Our step-by-step guide to the purchase of your new home/ investment.
Working out what you can afford – buying a property is a big commitment, therefore you need to review and work out your own affordability. Do you have any savings, other assets, what money is going in and out each month? Use a budgeting calculator, work out what you may be able to afford on a mortgage. It sounds simple, but consider all the things that you would normally spend in a 12 month period, what could you do without and would you make any lifestyle changes?
Look into the cost of buying – not only do you have the purchase price, but you may find yourself paying fees for various services, mortgage and conveyancing fees, stamp duty, leasehold charges, land registry fee, transfer of money, searches, removal fees, any refurbishment work and costs to make the property habitable. It can soon add up. It’s best to write these costs down and plan ahead. Acorn can recommend solicitors and independent mortgage advisors if you’d like competitive quotes and excellent service.
Getting a mortgage – knowing what you can borrow is very important should you require a mortgage. Research online, speak to your bank or building society and an independent advisor. Ask about any upfront fees and lenders they maybe don’t deal with. Comparing the market and researching can be done easily online. Speak to your agent and they may be able to give you some pointers. Speak with your employer as some companies have schemes for staff. House builders and developers may also have some attractive mortgage deals. It’s vital that you secure a mortgage before you start searching, some agents will not permit viewings without evidence as they don’t want timewasters. It’s important that if you find the property to buy that you don’t miss the opportunity to another purchaser. Most mortgage lenders offer better rates when you put at least 15% deposit down and the other 85% is paid by the loan.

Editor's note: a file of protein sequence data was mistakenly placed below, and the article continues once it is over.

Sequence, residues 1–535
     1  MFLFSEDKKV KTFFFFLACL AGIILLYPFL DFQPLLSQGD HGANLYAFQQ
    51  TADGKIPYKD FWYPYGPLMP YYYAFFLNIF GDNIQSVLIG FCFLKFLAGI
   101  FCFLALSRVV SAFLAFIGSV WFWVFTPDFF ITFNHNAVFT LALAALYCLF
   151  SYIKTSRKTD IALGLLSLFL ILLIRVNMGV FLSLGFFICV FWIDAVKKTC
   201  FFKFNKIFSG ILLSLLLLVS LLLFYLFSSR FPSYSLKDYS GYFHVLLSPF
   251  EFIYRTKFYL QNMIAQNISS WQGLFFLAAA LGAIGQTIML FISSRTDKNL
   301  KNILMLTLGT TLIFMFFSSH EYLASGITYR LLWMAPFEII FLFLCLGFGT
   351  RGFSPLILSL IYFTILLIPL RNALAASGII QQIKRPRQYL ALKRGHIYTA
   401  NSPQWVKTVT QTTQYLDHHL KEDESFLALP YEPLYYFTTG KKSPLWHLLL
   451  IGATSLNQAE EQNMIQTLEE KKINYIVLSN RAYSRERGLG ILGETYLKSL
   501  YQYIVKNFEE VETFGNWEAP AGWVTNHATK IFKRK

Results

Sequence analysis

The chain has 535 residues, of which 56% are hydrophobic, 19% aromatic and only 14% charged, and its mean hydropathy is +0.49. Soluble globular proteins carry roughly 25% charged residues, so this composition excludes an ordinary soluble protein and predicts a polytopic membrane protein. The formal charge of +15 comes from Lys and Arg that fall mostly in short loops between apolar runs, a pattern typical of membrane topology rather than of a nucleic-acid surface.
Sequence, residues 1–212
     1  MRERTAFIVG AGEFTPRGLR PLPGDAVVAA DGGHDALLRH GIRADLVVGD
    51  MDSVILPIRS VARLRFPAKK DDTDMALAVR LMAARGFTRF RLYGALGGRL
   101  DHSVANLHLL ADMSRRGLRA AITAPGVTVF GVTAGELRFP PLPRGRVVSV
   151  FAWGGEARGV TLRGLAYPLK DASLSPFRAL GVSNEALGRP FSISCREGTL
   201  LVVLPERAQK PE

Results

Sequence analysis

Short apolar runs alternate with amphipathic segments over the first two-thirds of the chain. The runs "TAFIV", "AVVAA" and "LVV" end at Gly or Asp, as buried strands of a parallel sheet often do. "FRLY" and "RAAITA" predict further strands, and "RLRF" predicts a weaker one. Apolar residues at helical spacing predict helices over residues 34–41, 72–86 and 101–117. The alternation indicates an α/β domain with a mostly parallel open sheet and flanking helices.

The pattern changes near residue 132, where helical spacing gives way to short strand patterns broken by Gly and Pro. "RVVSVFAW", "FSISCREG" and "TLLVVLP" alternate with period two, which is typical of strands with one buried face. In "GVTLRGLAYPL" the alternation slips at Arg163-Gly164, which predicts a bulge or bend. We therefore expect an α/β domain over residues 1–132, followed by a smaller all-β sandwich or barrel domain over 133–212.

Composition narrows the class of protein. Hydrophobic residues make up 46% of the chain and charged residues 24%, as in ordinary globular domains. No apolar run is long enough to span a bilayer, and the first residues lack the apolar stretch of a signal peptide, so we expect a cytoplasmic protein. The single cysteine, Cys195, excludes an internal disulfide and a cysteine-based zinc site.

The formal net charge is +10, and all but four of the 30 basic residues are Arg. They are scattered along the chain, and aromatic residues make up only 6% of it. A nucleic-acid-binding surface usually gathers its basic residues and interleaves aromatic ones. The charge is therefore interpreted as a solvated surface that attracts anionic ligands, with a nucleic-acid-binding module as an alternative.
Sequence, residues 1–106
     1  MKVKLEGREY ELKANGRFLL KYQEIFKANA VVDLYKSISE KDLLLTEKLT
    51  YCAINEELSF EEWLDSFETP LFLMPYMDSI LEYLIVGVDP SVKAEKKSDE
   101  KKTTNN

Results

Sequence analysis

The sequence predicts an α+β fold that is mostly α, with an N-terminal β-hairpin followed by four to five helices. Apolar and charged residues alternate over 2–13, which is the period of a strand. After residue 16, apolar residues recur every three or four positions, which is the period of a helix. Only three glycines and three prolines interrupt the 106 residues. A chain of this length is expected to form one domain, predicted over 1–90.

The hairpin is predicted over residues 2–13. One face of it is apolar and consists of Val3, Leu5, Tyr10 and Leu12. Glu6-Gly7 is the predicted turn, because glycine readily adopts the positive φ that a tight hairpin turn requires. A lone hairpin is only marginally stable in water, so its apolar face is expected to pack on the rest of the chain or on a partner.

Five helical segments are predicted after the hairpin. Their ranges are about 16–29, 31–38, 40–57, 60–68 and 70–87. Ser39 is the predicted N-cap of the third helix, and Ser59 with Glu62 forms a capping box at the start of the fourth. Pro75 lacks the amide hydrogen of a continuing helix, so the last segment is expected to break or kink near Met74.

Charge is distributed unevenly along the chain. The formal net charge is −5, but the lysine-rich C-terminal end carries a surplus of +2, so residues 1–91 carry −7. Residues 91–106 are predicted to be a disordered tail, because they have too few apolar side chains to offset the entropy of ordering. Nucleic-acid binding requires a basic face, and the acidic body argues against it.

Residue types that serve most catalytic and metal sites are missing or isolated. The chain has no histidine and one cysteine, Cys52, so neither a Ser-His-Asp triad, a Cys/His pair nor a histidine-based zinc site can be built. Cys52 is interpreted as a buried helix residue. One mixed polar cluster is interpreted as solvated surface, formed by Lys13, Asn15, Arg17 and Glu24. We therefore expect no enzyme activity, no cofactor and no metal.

Finding the ideal property – what’s most important to you? You’ll need to consider location, transportation links, council tax bands, check out future planning and environmental issues if any, schools, hospitals etc. Ask yourself how many bedrooms and bathrooms do I require? What parking is available, do I need a permit? What are the dining and cooking facilities, is there much decoration or refurbishment to do? If it’s for investment, what rent will it achieve, what are the running costs, is there a rental demand, is new build a better option as its brand new and comes with an NHBC guarantee in place.
Viewings & making an offer – make sure you are prepared with questions if you don’t have the information prior to viewing, take your own camera (or make sure you have enough space on your phone camera) to take photos, take a tape measure to make sure those large items of furniture fit. When you find your ideal property, make an offer. Consider your position, can you proceed or are you in a chain, first time buyers, buyers with no chain and buyers with prearranged mortgages will be at an advantage, so fail to plan and plan to fail. Try and find out the vendors position, do they need to sell quickly or can they hold out? Know your ceiling and don’t be tempted to push your offer too high. You can easily find out what has sold in the area and your agent should be able to guide you, albeit they are also working for the vendor. Once your offer has been accepted, you’ll receive an offer accepted in writing. Be sure to ask if the property can be removed from marketing to avoid being gazumped, but this isn’t always agreeable. You’ll be asked to provide your solicitor’s details and complete any documentation for the mortgage as quickly as possible to avoid delays. You may or may not require or want a survey, but it’s more advisable for older properties and less risky even if you don’t need a mortgage. Most lenders will require a survey.
Conveyancing – your solicitor can give you an overview of the process, but your solicitor’s job is to do the following: put forward your questions to the vendor and gain responses such as what fixtures and fittings are included with the sale, are there any disputes with neighbours, check guarantees, check any details of planning permissions, check the vendor is really the owner, check local land searches, pay stamp duty, arrange the registration of the title in your name.
Preparing for moving day – seek out a good removal company, try and plan ahead if you have any commitments that may get in the way of your move, try and stagger the move in if possible rather than move all in one day, pack yourself to save costs, make a list of all the things that you need to do on the day such as collect meter readings, pre book any utilities and set up postal redirection, ensure you have manuals of any appliances that are being left, know where you are collecting your keys and remember to keep calm and have a cup of tea! Good luck.